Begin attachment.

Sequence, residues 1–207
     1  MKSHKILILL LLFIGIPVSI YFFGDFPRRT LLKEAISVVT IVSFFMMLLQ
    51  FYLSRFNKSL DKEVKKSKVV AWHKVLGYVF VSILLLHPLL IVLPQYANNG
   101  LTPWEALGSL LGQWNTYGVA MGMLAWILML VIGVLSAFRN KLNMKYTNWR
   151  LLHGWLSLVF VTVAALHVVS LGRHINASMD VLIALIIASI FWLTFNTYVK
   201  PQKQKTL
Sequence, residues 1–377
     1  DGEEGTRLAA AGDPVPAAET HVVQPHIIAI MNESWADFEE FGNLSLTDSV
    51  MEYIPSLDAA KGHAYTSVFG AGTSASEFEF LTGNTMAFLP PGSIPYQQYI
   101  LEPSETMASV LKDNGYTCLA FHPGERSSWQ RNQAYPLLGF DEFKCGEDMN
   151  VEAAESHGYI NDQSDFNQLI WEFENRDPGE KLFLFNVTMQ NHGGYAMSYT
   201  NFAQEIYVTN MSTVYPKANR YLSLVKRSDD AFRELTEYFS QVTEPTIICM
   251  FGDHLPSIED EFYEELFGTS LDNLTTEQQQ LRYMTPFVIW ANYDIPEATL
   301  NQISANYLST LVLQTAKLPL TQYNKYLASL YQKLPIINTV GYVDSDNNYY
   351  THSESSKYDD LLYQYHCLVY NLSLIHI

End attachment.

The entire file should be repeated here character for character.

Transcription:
Sequence, residues 1–207
     1  MKSHKILILL LLFIGIPVSI YFFGDFPRRT LLKEAISVVT IVSFFMMLLQ
    51  FYLSRFNKSL DKEVKKSKVV AWHKVLGYVF VSILLLHPLL IVLPQYANNG
   101  LTPWEALGSL LGQWNTYGVA MGMLAWILML VIGVLSAFRN KLNMKYTNWR
   151  LLHGWLSLVF VTVAALHVVS LGRHINASMD VLIALIIASI FWLTFNTYVK
   201  PQKQKTL
Sequence, residues 1–377
     1  DGEEGTRLAA AGDPVPAAET HVVQPHIIAI MNESWADFEE FGNLSLTDSV
    51  MEYIPSLDAA KGHAYTSVFG AGTSASEFEF LTGNTMAFLP PGSIPYQQYI
   101  LEPSETMASV LKDNGYTCLA FHPGERSSWQ RNQAYPLLGF DEFKCGEDMN
   151  VEAAESHGYI NDQSDFNQLI WEFENRDPGE KLFLFNVTMQ NHGGYAMSYT
   201  NFAQEIYVTN MSTVYPKANR YLSLVKRSDD AFRELTEYFS QVTEPTIICM
   251  FGDHLPSIED EFYEELFGTS LDNLTTEQQQ LRYMTPFVIW ANYDIPEATL
   301  NQISANYLST LVLQTAKLPL TQYNKYLASL YQKLPIINTV GYVDSDNNYY
   351  THSESSKYDD LLYQYHCLVY NLSLIHI